THOUGH the differences are narrowing, there are important disagreements between American conservatives and liberals over how to react to the changes taking place in the communist world. Liberals generally argue that a lack of a substantial response on the part of the Bush administration would be detrimental to American interests. Conservatives tend to hold that a major response at this time would be premature, given that the future of current Soviet policies is uncertain. The arguments from both camps entail some fundamental assumptions regarding the effect of US policy on internal Soviet politics. The conservative argument, if it is to be made credible, must assume the following:
1.There exists within the Soviet Union a conservative wing opposed to Gorbachev's reforms.
2.This conservative group is increasingly disenchanted with Gorbachev, especially as he undermines the Communist Party.
3.To date, economic reforms have produced no concrete results but have led to popular dissatisfaction, which has undermined Gorbachev's position.
4.Gorbachev's recent actions (or lack thereof) in East Europe have angered Soviet conservatives more, and thus further decreased the likelihood that he will retain the reins of power much longer.
Given these assumptions, it can be argued that Soviet politics is influenced not primarily by Washington's behavior, but by events over which the US has no control: ethnic conflicts, consumer dissatisfaction, and the Eastern European revolt. If this is the case, then (according to conservative critics) to drastically reduce the US presence in Europe, substantially decrease military expenditures, and/or make major economic concessions would serve only to undermine our position with the Soviets without yielding real benefits. If and when Gorbachev is overthrown, we could find ourselves at a serious disadvantage and hard-pressed to return to parity with the USSR. If, however, we respond cautiously to real, verifiable changes in Soviet behavior, we will be better positioned.
Except for the first assumption (the existence of conservative opposition to Gorbachev), liberal critics work from different beliefs:
1.The position of Soviet conservatives will be weakened if Gorbachev can show his policies are yielding positive results.
2.These positive results would include concessions from the US regarding military personnel in Europe, significant (as opposed to token) US aid to those Eastern European nations attempting to recover from the effects of four decades of failed policies, and a further loosening of restrictions on trade, especially high-tech.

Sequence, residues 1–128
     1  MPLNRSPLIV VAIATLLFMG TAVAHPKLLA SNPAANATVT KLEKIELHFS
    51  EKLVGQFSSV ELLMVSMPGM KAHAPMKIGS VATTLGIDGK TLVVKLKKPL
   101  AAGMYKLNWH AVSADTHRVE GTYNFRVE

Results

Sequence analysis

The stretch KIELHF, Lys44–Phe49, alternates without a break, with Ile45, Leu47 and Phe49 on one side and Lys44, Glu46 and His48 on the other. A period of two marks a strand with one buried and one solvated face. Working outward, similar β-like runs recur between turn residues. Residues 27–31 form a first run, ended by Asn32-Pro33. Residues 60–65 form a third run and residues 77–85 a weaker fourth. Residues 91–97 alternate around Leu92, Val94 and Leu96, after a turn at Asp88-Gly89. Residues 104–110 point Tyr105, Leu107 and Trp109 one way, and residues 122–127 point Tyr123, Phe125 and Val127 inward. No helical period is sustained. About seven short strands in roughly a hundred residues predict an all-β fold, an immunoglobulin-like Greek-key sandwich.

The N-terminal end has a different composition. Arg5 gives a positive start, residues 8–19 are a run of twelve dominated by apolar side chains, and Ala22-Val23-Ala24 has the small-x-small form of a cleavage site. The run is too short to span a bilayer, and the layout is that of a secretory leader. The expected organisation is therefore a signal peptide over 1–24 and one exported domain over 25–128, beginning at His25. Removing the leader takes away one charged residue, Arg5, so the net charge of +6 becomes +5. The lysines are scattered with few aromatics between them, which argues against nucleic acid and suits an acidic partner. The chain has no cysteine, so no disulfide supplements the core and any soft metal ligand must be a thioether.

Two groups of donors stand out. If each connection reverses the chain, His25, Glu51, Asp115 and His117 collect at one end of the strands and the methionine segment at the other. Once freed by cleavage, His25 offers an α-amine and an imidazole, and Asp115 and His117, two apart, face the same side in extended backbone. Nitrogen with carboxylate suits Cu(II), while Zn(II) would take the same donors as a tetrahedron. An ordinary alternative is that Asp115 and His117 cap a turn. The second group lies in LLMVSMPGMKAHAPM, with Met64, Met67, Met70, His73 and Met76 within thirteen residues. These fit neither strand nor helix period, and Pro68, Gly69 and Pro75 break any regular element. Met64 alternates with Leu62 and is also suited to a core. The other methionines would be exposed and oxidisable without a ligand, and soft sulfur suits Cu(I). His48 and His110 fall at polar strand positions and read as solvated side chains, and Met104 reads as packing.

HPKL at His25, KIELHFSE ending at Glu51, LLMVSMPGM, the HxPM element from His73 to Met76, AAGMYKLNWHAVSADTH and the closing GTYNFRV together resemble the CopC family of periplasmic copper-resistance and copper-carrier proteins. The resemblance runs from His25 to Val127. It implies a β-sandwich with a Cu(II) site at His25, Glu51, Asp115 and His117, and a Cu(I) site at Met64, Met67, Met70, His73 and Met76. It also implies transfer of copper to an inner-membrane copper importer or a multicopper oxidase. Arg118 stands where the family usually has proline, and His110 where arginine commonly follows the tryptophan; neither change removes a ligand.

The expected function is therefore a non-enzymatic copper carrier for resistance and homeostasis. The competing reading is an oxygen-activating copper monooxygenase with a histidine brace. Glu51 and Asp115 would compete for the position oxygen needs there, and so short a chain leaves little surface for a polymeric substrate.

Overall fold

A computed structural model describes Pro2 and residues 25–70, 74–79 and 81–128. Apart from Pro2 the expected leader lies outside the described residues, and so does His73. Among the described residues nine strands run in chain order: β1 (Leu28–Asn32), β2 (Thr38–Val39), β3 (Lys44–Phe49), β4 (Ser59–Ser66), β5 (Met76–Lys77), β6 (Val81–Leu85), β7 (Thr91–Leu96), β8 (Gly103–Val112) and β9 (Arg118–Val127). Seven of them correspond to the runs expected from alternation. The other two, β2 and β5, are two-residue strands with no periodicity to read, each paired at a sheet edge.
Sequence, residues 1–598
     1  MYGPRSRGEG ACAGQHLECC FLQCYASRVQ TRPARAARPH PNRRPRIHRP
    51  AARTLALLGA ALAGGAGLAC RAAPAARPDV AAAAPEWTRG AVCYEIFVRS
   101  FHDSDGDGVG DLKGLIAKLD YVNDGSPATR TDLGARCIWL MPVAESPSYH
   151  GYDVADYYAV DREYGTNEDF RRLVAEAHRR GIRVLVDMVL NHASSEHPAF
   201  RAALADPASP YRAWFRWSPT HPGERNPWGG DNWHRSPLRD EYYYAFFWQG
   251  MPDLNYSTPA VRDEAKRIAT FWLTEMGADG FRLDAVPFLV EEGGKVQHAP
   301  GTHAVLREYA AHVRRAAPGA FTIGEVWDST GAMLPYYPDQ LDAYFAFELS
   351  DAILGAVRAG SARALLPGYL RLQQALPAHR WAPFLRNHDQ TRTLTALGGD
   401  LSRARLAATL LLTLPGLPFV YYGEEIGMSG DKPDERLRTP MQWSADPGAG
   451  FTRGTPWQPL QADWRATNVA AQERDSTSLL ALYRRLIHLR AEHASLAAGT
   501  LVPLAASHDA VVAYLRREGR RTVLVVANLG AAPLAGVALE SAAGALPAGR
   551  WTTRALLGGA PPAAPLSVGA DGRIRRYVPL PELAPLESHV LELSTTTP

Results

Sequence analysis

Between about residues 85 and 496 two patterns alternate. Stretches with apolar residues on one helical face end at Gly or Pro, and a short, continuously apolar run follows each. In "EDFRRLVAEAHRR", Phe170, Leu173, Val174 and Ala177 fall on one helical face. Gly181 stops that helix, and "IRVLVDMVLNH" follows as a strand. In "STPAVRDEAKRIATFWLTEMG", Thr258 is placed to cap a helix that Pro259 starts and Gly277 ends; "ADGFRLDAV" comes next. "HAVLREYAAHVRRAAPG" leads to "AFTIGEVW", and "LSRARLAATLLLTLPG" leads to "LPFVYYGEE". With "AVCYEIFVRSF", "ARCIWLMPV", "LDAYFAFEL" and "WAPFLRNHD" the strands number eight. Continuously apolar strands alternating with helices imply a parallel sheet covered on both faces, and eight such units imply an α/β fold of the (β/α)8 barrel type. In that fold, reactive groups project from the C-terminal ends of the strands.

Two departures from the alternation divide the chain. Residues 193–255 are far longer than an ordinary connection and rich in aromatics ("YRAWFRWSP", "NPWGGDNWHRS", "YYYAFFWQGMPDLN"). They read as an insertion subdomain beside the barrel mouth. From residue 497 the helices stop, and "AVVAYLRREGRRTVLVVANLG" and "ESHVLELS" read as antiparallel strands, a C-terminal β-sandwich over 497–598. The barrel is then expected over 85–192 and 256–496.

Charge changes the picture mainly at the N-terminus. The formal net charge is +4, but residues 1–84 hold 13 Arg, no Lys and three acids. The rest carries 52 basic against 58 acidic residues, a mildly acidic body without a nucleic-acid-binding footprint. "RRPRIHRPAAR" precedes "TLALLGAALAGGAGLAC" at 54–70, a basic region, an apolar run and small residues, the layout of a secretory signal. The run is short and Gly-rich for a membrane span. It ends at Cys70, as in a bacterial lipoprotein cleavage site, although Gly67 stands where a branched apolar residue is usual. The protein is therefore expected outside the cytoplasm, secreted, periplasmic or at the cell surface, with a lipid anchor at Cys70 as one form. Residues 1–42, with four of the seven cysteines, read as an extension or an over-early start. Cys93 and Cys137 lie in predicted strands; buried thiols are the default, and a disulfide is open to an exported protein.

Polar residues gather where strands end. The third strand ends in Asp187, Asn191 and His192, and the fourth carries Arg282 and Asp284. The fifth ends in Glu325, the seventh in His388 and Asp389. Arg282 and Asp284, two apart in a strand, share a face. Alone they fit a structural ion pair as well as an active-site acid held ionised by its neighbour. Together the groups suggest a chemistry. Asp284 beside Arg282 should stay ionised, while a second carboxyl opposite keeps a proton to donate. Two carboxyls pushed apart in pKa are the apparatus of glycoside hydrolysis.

If he is able to point to positive results, Gorbachev will stand a better chance of placating the Soviet public and part of the bureaucracy and the new Supreme Soviet, and be better positioned to keep opponents at bay. So, say liberals, US policy decisions do effect internal Soviet politics.
WE are faced with the question of whose assumptions most accurately reflect the true relationship between US policy decisions and Soviet internal politics. While it is impossible to give a definitive answer to this, it is possible to examine the implications of formulating US policies based on each set of assumptions.
If we accept the conservative view, especially the assumption that a conservative resurgence in the USSR is inevitable, it seems the US can play no decisive role in Soviet politics and therefore should prepare for the worst.
It appears, however, that the approach of American skeptics can only lead to an increased divide between Gorbachev and his opponents. Thus, if the conservative argument is taken as definitive, and US policies fashioned accordingly, the result will likely be the worst case scenario held by conservative analysts, namely the overthrow of Gorbachev.
While it could be granted that US policy cannot be expected to have major positive effects on Soviet internal politics, it seems the potential for negative repercussions (another ``cold war'') will become more pronounced if the US fails to act decisively.
On the other hand, if we assume that a substantial positive response from the US can help keep Gorbachev in power and pursuing positive changes, then such a response is warranted. The risk of losing ground to a resurgent conservative Soviet leadership is outweighed by the tremendous advantages inherent in the continued liberalization of the USSR. In fact, it should be quite difficult for conservative Soviet leaders to firmly establish themselves in power in a ``positive'' international environment in which Washington has clearly demonstrated its willingness to cooperate with Moscow.